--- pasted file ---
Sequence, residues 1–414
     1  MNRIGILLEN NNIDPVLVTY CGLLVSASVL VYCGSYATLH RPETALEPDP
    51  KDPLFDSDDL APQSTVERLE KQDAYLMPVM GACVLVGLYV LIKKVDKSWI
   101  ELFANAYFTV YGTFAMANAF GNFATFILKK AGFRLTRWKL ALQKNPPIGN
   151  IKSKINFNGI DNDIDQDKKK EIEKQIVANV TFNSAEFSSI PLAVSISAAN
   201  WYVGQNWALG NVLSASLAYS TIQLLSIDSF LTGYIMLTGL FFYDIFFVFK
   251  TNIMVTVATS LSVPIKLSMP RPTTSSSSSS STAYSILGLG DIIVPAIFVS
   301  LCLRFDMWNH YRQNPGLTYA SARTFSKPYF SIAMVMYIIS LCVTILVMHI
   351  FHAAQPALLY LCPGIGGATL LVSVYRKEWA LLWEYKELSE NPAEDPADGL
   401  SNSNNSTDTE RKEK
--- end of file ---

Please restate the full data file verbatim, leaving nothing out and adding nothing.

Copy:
Sequence, residues 1–414
     1  MNRIGILLEN NNIDPVLVTY CGLLVSASVL VYCGSYATLH RPETALEPDP
    51  KDPLFDSDDL APQSTVERLE KQDAYLMPVM GACVLVGLYV LIKKVDKSWI
   101  ELFANAYFTV YGTFAMANAF GNFATFILKK AGFRLTRWKL ALQKNPPIGN
   151  IKSKINFNGI DNDIDQDKKK EIEKQIVANV TFNSAEFSSI PLAVSISAAN
   201  WYVGQNWALG NVLSASLAYS TIQLLSIDSF LTGYIMLTGL FFYDIFFVFK
   251  TNIMVTVATS LSVPIKLSMP RPTTSSSSSS STAYSILGLG DIIVPAIFVS
   301  LCLRFDMWNH YRQNPGLTYA SARTFSKPYF SIAMVMYIIS LCVTILVMHI
   351  FHAAQPALLY LCPGIGGATL LVSVYRKEWA LLWEYKELSE NPAEDPADGL
   401  SNSNNSTDTE RKEK